Sunday 13th May – Tuesday 15th May 2012
Prague, Czech Republic
Violence and Romantic Relationships: A Story that Repeats Itself
Alacir Ramos Silva
Escola Superior de Ciencias da Santa Casa de Misericórdia de Vitória, Brazil
Women are the biggest victims of the abuse of male violence. And we must point out that the woman’s fear is a powerful ally to the abuser. Studies show that the cycles of abuse in a couple as aggression, forgiveness, reconciliation that alternate, show that the bonds of love can prevail over violence. In Brazil, the increase in the number of cases of violence against women in love relationships is becoming more visible due to new legal obligations of notification by either families, friends or health and education professionals. This fact has led to the necessity of production of knowledge on the subject in the Brazilian context. Still, the fact is rarely reported in the diagnosis and management conducted in health services, despite the magnitude and the important implications of this form of violence on the health of the population. This study sought to find cases of violence, identifying the nature of the act committed, quality / severity of the violence and the kind of relationship between aggressor and patient. The study was conducted through the observation of 260 medical records of patients seen in emergency rooms in Vitoria ES, from January to July 2011. As a result, it was found that 50% or 130 cases can be traced to domestic violence. Of these patients, 22% are women, aged 35 to 40. The physical and sexual violence cases were the ones which stood out in numbers and refinement of cruelty. The love companions are primarily responsible, and the cases are mostly repetitive.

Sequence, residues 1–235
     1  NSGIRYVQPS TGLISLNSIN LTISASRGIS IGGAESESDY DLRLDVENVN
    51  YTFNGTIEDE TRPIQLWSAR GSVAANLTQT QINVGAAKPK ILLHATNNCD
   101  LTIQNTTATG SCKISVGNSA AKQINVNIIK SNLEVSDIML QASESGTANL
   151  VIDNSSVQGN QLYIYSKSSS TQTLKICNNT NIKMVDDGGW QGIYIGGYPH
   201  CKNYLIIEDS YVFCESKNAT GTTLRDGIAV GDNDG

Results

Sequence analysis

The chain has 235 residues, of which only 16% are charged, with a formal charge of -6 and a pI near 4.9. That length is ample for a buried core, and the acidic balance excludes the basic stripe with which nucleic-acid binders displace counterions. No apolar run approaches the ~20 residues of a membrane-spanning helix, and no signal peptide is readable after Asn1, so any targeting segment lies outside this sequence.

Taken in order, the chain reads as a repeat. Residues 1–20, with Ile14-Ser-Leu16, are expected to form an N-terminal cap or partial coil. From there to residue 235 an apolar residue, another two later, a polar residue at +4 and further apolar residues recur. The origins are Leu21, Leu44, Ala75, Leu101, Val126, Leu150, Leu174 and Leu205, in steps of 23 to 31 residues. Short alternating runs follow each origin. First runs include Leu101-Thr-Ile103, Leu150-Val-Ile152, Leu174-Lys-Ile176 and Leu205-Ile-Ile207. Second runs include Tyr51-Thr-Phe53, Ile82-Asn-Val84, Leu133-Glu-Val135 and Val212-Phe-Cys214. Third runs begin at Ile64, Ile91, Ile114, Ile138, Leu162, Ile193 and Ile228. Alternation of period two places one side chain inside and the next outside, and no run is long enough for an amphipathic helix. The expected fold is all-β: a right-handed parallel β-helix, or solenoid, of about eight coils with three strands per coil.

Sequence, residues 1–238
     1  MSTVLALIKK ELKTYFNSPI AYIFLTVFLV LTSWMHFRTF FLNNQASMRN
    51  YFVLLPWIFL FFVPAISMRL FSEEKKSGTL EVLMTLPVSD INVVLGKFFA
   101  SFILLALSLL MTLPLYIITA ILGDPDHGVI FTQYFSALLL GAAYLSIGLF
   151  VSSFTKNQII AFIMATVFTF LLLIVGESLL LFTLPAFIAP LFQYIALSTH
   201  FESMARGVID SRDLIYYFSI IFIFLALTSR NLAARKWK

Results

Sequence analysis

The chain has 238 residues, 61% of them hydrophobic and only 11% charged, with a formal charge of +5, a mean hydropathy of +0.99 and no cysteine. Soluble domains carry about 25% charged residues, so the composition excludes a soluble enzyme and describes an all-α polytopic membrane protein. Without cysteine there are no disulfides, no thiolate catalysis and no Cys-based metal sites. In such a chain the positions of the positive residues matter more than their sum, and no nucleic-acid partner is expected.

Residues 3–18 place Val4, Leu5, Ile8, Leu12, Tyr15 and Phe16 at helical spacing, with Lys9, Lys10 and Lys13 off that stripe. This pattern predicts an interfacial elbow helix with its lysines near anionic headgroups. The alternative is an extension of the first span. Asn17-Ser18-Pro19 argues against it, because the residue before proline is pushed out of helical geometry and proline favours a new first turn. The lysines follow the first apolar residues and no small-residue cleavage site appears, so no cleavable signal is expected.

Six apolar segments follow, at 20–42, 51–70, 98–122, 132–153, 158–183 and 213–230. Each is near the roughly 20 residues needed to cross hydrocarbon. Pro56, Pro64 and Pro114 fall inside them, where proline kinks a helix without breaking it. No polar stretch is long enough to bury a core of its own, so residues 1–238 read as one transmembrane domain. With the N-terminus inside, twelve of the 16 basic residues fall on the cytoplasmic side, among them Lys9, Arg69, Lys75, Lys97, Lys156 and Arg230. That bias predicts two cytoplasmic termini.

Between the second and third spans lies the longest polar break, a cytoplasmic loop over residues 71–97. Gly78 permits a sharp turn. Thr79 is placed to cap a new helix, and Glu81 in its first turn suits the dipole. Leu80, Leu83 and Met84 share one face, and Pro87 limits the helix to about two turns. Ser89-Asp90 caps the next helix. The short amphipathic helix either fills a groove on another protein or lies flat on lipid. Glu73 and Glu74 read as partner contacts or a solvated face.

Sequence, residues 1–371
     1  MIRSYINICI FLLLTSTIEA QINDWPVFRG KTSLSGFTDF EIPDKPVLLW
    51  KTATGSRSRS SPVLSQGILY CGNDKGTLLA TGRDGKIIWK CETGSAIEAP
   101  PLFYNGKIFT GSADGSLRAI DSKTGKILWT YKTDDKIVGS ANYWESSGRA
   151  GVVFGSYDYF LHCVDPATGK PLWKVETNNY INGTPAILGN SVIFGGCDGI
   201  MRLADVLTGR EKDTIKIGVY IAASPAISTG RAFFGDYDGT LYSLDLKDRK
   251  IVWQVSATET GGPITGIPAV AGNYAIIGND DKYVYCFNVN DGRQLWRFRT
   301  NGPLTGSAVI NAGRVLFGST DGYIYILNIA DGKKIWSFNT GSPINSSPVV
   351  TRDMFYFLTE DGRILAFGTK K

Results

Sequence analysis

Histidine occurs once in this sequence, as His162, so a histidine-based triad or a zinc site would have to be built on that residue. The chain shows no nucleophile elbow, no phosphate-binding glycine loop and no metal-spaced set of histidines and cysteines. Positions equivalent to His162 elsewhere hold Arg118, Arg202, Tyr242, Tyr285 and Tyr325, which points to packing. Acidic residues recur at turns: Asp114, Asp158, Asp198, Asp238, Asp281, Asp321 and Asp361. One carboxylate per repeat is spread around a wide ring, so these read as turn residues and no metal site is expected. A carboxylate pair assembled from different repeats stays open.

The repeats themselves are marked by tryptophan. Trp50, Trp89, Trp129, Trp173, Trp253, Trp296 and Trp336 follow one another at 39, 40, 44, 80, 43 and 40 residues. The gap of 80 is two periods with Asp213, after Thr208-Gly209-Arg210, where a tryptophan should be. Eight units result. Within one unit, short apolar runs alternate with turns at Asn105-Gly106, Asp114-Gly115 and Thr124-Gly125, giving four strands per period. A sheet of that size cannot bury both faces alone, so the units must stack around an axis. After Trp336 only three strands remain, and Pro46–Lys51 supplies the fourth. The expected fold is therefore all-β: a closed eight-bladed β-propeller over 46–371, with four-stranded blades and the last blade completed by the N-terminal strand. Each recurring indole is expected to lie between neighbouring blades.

The Role of Social Capital In Combating Domestic Violence
Ilia State University, Tbilisi, Georgia
The recent nationwide researches in many countries show that domestic violence still remains a serious problem around the world. Because of its complex nature, the most effective way to combat it needs the involvement of a broader circle of stakeholders than just specially designated state and NGO organizations. Researchers and practitioners agree that united inter-agency efforts are needed to effectively combat domestic violence with active participation of governmental and non-governmental organizations, mass media, church and local community – all these constituting the social capital. One of the main concepts of the social capital theory is the bridging social capital that links substantial sectors of the community. The bigger collective problem, the more bridging social capital is needed.
The present paper analyses the role of social capital in combating domestic violence in the case of Georgia. The Georgia’s case study is based on the information on all abovementioned institutions through their publications, websites, and semi-structured interviews with their representatives. Our data show that Georgian church, local community and mass media are not involved in combating the problem. On the contrary, their activities reinforce and reproduce the traditional views on family, gender roles, understanding and causes of domestic violence, and intervention in the domestic violence cases. These “actors” fail to see domestic violence as a social problem and prefer not to react to it. In addition, there is no bridging social capital among the church, local community and mass media, relatively weak bridging social capital is traced between non-governmental and governmental organizations. As a result, there is only weak professional network as a social capital to face the problem, which is not enough to create conducive environment for combating domestic violence in Georgia.